April 23, 2015

1534 UNITED KINGDOM (British Indian Ocean Territory) - Little green heron

The biodiversity of the BIOT is very rich, particularly in the marine environment which contains some of the world's healthiest coral reefs, the world's largest coral atoll (the Great Chagos Bank) and an exceptional diversity of deep water habitats. On land, BIOT is recognised as globally important due to the large numbers of congregating and nesting seabirds. The birds of the BIOT fall into three groups: the resident landbirds, the migrants and vagrants, and the seabirds. Only three resident landbirds are believed to have arrived as natural colonists: Common moorhen (Gallinula chloropus), White-breasted waterhen (Amaurornis phoenicurus), and Green-backed Heron (Butorides striata).

Butorides striata was previously split as B. striata and B. virescens, and before then B. striata was split as B. striatus and B. sundevalli, but now is considered a single species. Relatively small (about 44cm), the Green-backed heron (known also as Little green heron, Striated heron or Mangrove heron) has a glossy, greenish-black cap, a greenish back and wings that are grey-black grading into green or blue, a chestnut neck with a white line down the front, grey underparts and short yellow legs. An extremely adaptable wetland bird, the green heron occupies almost any shallow fresh, brackish or saltwater habitat within its range.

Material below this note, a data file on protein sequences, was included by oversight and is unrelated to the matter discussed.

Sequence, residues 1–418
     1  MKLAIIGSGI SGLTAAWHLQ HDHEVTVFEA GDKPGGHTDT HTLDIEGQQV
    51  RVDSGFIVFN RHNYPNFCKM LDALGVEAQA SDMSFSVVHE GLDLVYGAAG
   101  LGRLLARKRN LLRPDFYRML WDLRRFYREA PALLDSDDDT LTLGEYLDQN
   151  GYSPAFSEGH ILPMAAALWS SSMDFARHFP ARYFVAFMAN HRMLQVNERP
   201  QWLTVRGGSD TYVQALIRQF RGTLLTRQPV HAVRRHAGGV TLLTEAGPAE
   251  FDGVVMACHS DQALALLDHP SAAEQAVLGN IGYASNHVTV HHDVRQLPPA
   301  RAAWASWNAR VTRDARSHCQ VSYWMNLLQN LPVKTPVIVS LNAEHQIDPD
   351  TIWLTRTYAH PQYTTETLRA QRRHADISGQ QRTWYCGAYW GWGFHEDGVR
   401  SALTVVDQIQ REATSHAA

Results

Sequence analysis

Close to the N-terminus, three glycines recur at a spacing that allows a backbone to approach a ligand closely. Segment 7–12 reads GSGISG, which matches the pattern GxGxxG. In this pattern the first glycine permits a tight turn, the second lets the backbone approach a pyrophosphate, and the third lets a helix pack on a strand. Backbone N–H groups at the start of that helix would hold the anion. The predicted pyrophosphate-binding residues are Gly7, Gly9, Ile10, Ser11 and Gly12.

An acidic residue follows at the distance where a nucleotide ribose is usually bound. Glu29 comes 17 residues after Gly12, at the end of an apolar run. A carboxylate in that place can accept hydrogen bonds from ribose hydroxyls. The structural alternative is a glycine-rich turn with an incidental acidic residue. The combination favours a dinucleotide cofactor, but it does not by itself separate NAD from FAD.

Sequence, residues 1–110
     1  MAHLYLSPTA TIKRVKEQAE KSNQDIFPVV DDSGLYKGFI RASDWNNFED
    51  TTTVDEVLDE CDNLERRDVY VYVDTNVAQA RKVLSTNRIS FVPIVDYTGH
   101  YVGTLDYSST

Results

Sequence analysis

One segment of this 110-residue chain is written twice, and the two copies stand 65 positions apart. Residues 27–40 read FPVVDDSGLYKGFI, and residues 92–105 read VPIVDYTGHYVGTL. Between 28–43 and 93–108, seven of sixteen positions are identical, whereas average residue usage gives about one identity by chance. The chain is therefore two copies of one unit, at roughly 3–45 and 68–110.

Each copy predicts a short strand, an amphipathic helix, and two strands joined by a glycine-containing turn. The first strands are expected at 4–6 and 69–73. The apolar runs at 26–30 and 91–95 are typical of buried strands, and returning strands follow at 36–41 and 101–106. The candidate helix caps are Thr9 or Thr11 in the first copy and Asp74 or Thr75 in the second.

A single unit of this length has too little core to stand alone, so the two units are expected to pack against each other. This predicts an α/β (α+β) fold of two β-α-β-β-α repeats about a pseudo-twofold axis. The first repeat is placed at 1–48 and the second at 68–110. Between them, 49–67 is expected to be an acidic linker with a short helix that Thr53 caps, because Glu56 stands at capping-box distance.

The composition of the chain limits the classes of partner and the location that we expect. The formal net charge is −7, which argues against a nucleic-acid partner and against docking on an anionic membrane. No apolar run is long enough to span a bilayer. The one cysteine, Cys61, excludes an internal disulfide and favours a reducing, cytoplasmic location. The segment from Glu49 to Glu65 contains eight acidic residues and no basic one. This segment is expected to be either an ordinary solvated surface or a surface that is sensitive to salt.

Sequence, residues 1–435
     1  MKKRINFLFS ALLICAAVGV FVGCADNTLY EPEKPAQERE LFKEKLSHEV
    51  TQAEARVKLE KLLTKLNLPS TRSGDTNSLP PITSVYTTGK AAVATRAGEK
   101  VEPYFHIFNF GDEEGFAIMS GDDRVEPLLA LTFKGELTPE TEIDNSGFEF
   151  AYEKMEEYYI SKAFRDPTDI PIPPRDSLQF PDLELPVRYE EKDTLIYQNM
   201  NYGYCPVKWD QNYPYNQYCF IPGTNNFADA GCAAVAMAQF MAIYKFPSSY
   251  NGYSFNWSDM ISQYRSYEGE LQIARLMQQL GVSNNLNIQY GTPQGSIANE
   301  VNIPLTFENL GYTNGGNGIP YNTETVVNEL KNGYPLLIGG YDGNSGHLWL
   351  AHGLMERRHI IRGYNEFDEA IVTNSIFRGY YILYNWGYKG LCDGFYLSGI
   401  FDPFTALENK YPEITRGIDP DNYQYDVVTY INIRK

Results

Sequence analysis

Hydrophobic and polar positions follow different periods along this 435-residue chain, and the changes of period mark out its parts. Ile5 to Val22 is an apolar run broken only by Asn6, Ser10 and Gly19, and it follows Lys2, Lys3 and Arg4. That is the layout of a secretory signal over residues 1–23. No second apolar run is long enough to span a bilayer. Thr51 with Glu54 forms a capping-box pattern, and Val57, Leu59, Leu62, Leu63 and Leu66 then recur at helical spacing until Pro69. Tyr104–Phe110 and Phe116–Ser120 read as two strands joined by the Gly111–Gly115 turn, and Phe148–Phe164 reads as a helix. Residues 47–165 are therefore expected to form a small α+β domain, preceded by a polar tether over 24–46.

The species is most conspicuous during dusk and dawn, and if anything these birds are nocturnal rather than diurnal. Shore-living individuals adapt to the rhythm of the tides. They mainly eat small fish, frogs and aquatic arthropods, but may take any invertebrate or vertebrate prey they can catch. Green herons are intolerant of other birds - including conspecifics - when feeding and aren't seen to forage in groups. They typically stand still on shore or in shallow water or perch upon branches and await prey. Sometimes they drop food, insects, or other small objects on the water's surface to attract fish, making them one of the few known tool-using species.

About the stamp
The stamp is part of a series of definitives stamps, Birds, issued on June 21, 2004:
Madagascar fody / Foudia madagascariensis (2p)
Barred ground dove / Geopelia striata (14p)
Indian mynah / Acridotheres tristis (20p)
Cattle egret / Bubulcus ibis (26p)
Fairy tern / Sternula nereis (34p)
Masked booby / Sula dactylatra (58p) - It's on the postcard

British Indian Ocean Territory - Oxford Plant Systematics
Green-backed Heron Butorides striata - BirdLife International official website
Important Bird Areas - The British Indian Ocean Territory, by Peter Carr

Sender: Gulmira
Ssent from Camp Justice (British Indian Ocean Territory / United Kingdom), on 27.02.2015

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